Peru's president Pedro Pablo Kuczynski has said he will not resign, despite growing pressure over corruption allegations involving Brazilian construction firm Odebrecht.
In a televised address late on Thursday, flanked by members of his cabinet, he denied any wrongdoing.
Scandal-plagued Odebrecht says it paid Mr Kuczynski $5m (£3.7m) in advisory fees in a previous government role.
Opposition leaders have called on the president to resign over the issue.
The payments by Odebrecht were made to Westfield Capital Ltd, a company owned by Mr Kuczynski. He said that while he owned the company he was not manager of it when it received the payments.
Writing on Twitter after his address, he said: "It cost us a lot to get our democracy back. We're not going to lose it again. I'm not going to give up my honour, nor my values, nor my responsibilities as president of all Peruvians."
Odebrecht was fined a record $3.5bn by the US last year for bribing officials from various countries. Fraudulent "advisory fees" was one method the firm used to funnel bribes to officials, according to the case against the firm.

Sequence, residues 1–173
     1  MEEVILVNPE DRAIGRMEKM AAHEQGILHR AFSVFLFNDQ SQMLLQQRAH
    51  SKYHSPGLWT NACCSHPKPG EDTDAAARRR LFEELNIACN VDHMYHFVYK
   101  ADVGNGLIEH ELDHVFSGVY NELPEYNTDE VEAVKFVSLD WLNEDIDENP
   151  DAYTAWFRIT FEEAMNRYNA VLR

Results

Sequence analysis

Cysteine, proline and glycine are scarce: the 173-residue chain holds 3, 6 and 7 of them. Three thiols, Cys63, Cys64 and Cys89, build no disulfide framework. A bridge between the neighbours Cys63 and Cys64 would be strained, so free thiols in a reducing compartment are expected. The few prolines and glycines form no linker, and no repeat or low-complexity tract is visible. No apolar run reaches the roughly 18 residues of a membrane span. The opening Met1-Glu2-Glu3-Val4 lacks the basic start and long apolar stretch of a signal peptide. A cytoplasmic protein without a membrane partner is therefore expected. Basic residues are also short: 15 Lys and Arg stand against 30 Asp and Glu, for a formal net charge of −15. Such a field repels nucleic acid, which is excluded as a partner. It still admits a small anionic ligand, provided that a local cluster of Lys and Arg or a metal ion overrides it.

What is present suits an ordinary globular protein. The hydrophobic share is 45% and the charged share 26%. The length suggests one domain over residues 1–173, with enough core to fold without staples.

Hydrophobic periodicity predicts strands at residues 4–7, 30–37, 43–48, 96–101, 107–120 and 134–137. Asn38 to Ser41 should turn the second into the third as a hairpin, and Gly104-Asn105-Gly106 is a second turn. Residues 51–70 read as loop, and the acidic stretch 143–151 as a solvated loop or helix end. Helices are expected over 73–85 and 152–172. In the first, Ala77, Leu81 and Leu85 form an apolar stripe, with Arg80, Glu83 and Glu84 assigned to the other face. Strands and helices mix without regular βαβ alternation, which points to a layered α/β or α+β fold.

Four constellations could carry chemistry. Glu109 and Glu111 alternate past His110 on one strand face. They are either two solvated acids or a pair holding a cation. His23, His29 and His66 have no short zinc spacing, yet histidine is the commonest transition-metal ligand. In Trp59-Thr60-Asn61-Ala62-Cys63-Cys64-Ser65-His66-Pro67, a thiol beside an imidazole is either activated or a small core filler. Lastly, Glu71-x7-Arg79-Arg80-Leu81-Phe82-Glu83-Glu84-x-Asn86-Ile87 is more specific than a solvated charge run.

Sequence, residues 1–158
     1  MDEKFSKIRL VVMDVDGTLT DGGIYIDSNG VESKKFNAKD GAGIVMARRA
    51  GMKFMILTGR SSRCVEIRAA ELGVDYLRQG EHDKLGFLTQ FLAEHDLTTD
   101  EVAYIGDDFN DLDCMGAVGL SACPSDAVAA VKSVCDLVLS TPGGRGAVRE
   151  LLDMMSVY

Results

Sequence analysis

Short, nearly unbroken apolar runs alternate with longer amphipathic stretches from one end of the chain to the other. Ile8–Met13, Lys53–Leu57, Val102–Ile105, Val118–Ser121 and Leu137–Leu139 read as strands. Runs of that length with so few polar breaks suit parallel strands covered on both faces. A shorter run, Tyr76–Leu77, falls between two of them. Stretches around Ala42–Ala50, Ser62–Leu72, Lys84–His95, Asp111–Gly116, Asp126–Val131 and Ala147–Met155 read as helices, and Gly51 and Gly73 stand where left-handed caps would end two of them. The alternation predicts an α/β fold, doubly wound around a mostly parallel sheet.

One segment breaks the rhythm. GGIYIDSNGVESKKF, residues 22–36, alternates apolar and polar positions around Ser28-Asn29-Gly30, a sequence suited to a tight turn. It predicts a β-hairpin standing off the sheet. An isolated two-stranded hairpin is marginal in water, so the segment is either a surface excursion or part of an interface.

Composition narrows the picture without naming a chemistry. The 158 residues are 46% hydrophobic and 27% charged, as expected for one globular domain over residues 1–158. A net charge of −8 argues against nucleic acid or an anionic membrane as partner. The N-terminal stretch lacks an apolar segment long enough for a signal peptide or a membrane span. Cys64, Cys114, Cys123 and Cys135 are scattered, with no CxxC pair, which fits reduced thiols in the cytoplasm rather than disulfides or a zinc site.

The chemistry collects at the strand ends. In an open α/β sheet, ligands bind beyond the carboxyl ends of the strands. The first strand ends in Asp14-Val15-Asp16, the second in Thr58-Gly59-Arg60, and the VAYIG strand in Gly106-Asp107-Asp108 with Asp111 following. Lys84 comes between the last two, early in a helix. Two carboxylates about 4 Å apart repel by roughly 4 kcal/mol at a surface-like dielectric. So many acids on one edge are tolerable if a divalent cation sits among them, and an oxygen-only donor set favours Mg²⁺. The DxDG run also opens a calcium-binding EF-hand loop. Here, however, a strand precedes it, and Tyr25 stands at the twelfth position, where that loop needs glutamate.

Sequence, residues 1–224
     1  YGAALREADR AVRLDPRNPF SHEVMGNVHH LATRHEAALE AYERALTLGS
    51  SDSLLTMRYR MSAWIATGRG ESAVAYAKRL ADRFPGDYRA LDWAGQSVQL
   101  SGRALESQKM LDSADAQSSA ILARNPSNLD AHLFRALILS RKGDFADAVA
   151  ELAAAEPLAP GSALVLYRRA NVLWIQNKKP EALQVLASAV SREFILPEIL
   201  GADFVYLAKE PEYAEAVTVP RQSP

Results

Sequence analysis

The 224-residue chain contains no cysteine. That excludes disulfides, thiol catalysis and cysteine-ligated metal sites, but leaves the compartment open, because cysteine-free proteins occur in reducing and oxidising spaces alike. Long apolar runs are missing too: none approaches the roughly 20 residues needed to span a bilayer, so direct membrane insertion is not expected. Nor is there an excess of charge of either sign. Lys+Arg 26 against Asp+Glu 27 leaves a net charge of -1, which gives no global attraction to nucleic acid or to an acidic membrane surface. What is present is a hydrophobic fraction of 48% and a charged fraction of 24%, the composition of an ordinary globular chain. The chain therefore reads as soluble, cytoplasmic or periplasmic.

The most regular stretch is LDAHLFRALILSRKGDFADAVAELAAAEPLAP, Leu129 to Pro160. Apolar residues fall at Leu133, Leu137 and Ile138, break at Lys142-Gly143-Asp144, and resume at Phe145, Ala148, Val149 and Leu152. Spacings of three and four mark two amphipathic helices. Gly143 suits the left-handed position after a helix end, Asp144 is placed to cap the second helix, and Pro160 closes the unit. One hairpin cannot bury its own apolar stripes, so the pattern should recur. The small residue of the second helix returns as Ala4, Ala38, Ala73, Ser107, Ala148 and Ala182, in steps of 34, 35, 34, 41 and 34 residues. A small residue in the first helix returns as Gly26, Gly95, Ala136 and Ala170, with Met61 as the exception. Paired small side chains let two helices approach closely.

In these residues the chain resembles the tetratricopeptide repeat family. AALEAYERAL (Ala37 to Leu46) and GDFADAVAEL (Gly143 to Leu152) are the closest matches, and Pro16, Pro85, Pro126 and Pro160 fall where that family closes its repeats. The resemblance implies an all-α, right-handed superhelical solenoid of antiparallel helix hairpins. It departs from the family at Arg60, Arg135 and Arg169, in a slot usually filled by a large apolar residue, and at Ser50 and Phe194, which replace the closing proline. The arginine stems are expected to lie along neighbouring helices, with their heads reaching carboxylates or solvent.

Former company president Marcelo Odebrecht, who is serving a 19-year jail sentence in Brazil and has agreed to co-operate in return for leniency, said Mr Kuczynski was hired as an advisor in Peru a decade ago, while he was economy minister.
Mr Odebrecht also told prosecutors that the construction company had paid $29m (£22m) in bribes to Peruvian officials over many years.
Mr Kuczynski, 79, initially denied receiving any money from Odebrecht. He now denies receiving any illegal payments but admits working on an advisory basis for the firm.
Peru's right-wing opposition Popular Force party, which controls the country's congress, claims there is enough evidence to prove corruption by Mr Kuczynski, a centrist elected last year to a five-year term.
The party had warned that it would attempt to begin impeachment proceedings against him if he did not offer his resignation.
"It's obvious that him staying on in the nation's highest office is untenable," said party spokesman Daniel Salaverry.
Reuters reported that senior officials in Mr Kuczynski's government had also called on him to quit.
Mr Kuczynski, a former Wall Street banker, has pledged to testify before a congressional commission on Odebrecht wrongdoing in Peru on December 22.
On Wednesday, Ecuador's vice president, Jorge Glas, was sentenced to six years for taking $13.5 million in bribes from Odebrecht, becoming the highest-ranking politician to be convicted in the scandal.